Matt Harvey Contract: Latest News and Rumors on Negotiations with Mets

Timothy RappFeatured Columnist

NEW YORK, NY - NOVEMBER 01:  (NEW YORK DAILIES OUT)    Matt Harvey #33 of the New York Mets reacts after the final out of the fourth inning against the Kansas City Royals during game five of the 2015 World Series at Citi Field on November 1, 2015 in the Flushing neighborhood of the Queens borough of New York City. The Royals defeated the Mets 7-2.  (Photo by Jim McIsaac/Getty Images)
Jim McIsaac/Getty Images

The New York Mets have star pitcher Matt Harvey under contract until 2018, though the team will likely pursue a long-term contract extension in the coming years.

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Harvey Open to the Possibility of Signing an Extension

Monday, Feb. 15

Harvey hasn't dismissed the possibility of signing a long-term contract extension with the Mets.

“I think whatever comes up is going to come up,” Harvey said on Monday, per Marc Carig of Newsday. “I think I’ve never shied away from it, I’ve never said I wouldn’t consider it.”

The one roadblock to an extension may be the presence of Scott Boras as Harvey's agent, as Carig noted, as Boras has a history of taking his clients to free agency and maximizing their earnings rather than having them sign contract extensions.

Harvey, 26, avoided arbitration this season by signing a one-year, $4.325 million deal, per Carig. That number will only go up, especially if Harvey builds on his excellent 2015 campaign, when he went 13-8 with a 2.71 ERA, 1.02 WHIP and 188 strikeouts in 189.1 innings pitched after returning from Tommy John surgery.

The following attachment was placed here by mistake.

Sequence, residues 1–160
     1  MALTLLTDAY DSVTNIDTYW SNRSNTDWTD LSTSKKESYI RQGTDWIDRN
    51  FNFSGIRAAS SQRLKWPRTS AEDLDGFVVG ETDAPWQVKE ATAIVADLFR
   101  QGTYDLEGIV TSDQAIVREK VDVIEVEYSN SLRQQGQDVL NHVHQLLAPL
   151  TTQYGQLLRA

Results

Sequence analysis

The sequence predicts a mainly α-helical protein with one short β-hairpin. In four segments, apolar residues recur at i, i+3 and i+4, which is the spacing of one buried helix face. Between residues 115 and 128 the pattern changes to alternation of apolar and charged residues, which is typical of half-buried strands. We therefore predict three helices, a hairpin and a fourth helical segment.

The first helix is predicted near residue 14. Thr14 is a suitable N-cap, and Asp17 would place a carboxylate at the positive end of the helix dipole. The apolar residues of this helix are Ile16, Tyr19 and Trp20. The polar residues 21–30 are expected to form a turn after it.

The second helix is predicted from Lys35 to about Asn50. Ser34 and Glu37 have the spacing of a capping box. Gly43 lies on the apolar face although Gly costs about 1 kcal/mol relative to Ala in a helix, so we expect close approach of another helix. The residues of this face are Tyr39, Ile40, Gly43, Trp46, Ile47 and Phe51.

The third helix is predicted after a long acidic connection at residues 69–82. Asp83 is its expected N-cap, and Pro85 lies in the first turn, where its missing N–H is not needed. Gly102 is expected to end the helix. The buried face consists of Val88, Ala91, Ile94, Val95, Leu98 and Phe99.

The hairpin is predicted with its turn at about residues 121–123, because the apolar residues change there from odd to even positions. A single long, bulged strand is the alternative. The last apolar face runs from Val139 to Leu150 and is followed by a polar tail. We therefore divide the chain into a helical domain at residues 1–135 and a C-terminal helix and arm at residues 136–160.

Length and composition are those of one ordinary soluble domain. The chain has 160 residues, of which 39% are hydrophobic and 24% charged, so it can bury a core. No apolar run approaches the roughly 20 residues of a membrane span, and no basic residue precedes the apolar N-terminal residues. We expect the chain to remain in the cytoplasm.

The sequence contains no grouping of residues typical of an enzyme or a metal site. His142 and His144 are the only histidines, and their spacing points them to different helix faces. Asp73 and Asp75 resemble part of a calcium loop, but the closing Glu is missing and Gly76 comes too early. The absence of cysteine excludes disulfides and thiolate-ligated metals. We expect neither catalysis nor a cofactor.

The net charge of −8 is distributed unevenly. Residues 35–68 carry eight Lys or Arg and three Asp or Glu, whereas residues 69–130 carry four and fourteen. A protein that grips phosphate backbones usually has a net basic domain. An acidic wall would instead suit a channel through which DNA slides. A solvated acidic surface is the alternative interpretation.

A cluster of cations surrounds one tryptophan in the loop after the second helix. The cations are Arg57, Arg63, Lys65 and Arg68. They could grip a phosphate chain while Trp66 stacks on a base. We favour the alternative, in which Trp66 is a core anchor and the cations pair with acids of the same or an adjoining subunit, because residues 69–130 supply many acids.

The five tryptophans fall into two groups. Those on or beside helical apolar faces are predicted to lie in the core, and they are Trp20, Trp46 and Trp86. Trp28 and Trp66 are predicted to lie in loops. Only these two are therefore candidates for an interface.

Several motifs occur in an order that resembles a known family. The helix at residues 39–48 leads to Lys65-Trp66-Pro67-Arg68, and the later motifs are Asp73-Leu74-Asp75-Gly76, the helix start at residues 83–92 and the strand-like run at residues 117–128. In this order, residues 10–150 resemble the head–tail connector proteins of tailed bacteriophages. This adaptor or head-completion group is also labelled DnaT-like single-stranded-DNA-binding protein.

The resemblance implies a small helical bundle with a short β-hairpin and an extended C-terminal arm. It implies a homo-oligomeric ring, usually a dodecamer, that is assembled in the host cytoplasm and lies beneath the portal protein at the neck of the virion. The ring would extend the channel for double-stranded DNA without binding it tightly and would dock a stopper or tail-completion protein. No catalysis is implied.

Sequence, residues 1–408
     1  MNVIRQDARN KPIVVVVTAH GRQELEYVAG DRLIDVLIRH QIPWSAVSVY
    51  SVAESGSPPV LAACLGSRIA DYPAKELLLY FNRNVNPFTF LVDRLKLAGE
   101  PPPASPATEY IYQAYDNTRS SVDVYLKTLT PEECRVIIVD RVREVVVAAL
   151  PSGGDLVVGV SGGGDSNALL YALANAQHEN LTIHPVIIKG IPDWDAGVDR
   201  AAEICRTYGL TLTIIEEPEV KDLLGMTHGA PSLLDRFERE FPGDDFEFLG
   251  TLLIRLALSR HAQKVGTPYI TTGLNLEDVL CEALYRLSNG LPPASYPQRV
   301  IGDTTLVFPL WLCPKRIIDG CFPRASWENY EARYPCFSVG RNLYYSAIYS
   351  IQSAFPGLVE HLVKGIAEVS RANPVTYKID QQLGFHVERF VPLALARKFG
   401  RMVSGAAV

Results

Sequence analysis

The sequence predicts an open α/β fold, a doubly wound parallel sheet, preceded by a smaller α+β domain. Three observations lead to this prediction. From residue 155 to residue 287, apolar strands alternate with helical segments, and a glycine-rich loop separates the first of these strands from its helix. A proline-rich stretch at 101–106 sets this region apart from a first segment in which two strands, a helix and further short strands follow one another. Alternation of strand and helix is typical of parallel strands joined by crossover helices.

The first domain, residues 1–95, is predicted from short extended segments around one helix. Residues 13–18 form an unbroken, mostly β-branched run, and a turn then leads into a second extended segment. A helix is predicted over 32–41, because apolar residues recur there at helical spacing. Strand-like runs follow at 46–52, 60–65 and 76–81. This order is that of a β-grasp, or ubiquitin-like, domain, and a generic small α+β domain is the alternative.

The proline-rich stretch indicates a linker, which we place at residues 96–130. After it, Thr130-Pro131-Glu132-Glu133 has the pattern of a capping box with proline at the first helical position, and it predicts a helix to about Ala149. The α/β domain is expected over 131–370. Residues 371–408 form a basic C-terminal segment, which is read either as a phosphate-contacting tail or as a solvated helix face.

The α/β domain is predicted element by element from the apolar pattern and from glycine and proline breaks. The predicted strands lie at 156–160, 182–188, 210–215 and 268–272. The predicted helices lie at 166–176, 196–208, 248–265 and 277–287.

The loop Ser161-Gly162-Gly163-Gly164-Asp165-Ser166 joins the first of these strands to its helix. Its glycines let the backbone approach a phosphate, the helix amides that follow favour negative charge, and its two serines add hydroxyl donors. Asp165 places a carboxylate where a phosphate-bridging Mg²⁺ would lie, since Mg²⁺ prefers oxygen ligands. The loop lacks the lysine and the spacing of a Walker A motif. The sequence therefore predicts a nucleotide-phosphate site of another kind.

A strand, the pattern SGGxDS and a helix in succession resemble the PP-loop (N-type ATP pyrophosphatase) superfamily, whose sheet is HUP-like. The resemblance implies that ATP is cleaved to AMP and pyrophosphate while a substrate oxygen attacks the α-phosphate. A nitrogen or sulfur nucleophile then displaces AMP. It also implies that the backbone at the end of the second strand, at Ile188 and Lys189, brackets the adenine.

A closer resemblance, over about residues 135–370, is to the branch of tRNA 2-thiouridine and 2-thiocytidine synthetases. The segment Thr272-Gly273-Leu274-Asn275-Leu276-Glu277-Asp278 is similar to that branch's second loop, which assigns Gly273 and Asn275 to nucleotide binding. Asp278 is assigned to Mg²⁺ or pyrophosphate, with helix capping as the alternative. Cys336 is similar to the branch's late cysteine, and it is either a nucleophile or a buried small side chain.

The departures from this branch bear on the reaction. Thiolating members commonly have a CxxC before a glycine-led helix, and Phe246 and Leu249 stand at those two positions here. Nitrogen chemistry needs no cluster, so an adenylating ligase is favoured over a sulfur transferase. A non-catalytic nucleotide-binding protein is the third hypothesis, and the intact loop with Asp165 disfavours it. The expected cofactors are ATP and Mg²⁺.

The future of the Mets is tied to a talented young rotation headlined by Harvey, Jacob deGrom and Noah Syndergaard. Keeping that trio intact should be a priority for the Mets as they look to win a World Series in the coming years, though the team's pitching depth may also serve as a nice backup plan for New York in the future if Harvey's price is higher than what the team is willing to pay.

Additionally, given Harvey's return from Tommy John surgery, the team may decide to see if Harvey can offer another dominant, healthy season before even considering a contract extension. For both sides, then, an extension may make sense, but there are also reasons to believe they will approach the situation tactically and patiently.


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